Justin Faulk has been in the NHL for two short years, and in that time he’s evolved from a raw, relatively unknown commodity into one of the most skilled young players in the world. But just how valuable is the kid from South St. Paul, Minnesota? Let’s take a look.
In 2013, Faulk’s second professional season, he was far and away the Hurricanes’ best blue liner. He ate up more minutes than anyone else on his club (24:00 TOI/g, good for 25th in the league) and was out there in virtually every situation, seeing lots of ice time at even strength (18:22 TOI/g), on the power player (2:38 TOI/g) and on the penalty kill (2:59 TOI/g).
If you’re wondering what a dynamic defenseman looks like, just watch some tape of No. 27.
“Faulk is our rock,” Jay Harrison told me back in February. “He’s just a kid, but you’d never know that from his play, you know? As far as I’m concerned, he’s a veteran out there. No one in this locker room views him as a kid.”
Despite his lack of experience, Faulk faced opponents’ top lines more than any other Cane in 2013. And even though he clocked so many tough minutes, he remained consistent and effective all year long (a short stint on the IR notwithstanding).
One scout I spoke to this spring said “it’s not a matter of if, but when” regarding Faulk’s future Norris Trophy candidacy. Another said “when building a defense for the future, there’s only a handful of guys out there I would take over Faulker.”
According to the fine work done by Corey Sznajder over at ShutdownLine.com, Faulk’s quality of competition was absolutely ridiculous this season:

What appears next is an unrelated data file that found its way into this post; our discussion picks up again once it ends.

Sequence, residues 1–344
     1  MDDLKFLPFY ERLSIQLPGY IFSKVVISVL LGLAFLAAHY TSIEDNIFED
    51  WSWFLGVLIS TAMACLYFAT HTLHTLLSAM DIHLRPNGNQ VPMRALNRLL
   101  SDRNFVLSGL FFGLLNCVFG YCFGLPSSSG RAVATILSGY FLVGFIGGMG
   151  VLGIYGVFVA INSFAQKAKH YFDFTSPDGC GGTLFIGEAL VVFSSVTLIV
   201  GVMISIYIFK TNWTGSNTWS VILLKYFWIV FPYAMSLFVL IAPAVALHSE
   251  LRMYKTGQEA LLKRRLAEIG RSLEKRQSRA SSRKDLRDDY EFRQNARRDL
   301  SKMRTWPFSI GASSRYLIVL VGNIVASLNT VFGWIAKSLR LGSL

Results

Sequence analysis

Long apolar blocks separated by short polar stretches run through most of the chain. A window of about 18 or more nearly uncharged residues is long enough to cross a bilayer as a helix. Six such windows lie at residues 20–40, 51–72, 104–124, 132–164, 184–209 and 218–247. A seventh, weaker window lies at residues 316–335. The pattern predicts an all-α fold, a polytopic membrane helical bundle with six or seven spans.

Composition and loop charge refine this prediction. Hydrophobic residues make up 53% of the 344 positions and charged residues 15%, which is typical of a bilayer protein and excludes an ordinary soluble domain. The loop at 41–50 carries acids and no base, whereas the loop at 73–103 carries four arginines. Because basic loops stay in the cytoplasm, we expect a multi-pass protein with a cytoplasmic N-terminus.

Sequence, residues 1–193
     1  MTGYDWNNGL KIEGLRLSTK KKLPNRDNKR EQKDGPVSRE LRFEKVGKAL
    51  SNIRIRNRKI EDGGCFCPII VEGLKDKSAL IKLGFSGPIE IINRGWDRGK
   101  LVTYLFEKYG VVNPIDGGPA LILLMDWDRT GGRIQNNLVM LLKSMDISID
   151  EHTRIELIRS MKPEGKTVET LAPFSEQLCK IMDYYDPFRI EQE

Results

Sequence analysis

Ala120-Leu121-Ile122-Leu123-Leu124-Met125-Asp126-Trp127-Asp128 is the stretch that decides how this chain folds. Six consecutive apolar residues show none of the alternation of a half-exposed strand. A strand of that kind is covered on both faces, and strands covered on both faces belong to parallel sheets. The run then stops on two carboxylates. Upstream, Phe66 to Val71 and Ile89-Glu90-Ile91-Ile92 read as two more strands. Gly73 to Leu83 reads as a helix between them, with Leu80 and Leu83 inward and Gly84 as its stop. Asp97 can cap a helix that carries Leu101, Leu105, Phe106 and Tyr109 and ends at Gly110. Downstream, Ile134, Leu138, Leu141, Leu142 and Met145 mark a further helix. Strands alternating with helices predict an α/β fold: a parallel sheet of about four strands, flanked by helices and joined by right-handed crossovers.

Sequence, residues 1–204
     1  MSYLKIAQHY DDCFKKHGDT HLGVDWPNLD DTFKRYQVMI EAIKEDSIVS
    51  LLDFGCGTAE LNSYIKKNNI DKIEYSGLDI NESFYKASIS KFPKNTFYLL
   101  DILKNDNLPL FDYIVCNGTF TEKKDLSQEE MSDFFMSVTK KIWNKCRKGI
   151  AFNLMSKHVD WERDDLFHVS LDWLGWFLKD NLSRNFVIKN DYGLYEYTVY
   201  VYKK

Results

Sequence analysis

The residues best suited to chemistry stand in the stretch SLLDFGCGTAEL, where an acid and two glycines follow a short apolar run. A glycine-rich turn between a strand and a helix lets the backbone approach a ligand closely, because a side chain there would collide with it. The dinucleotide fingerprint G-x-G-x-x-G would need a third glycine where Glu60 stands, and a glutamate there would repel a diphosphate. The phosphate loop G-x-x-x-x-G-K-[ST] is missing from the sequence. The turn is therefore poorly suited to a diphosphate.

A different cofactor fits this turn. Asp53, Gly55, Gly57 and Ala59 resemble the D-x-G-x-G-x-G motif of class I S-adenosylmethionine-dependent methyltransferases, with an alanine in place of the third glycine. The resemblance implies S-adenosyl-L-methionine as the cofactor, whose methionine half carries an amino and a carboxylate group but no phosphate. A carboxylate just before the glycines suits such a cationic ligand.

As you can see above, Faulk was matched up against the opponent’s top line more than 80 percent of the time. How many D-men in history can say they had the capacity to do that at such a young age? Not many. Sznajder explains:
Justin Faulk is the back-bone of the entire defense corps. He was matched up against the opponent’s first line in all but six of his games and had to take on some tough territorial assignments on top of that. The fact that he is taking on this kind of workload in his early-20′s is amazing and gives the Hurricanes defense some hope for the a future.
(Tim Gleason was pinned against a top line the second most on the Canes, but that happened less than 70 percent of the time — done almost exclusively when paired with Faulk or during Faulk’s time on the IR).
Even though Faulk skated against the opponent’s top goal-scorers on a regular basis, he managed to finish the 2013 campaign with a positive plus/minus rating (plus-1). The only other defenseman on the Canes to finish with a plus was Joni Pitkanen (plus-2), though he played in just 22 games.
While Faulk’s Corsi and Fenwick numbers weren’t great — which you can view here – there are several factors to take into account in this situation regarding shots on goal. First and foremost, the Canes as a team gave up a lot of shots (32.2 SA/g), and it’s unfair to pin all of that on Faulk given the players around him. Second, as stated above, Faulk almost always skated against the other team’s top talent, so naturally he’s going to be on the ice for a good amount of S/A.
Also, and most importantly, if you review the film of Faulk’s play this year, you’ll see that he gives up a lot of low-percentage shots against. The one major flaw in the Corsi and Fenwick statistics, as outlined here by Daniel Wagner at theScore, is that they only take into account the quantity of shots — not the quality. Next time you get a chance, watch the way Faulk approaches a one-on-one situation, and you’ll notice how well he does forcing his man to take poor, ill-advised shot attempts. We can credit his high hockey I.Q. and history of good coaches for this.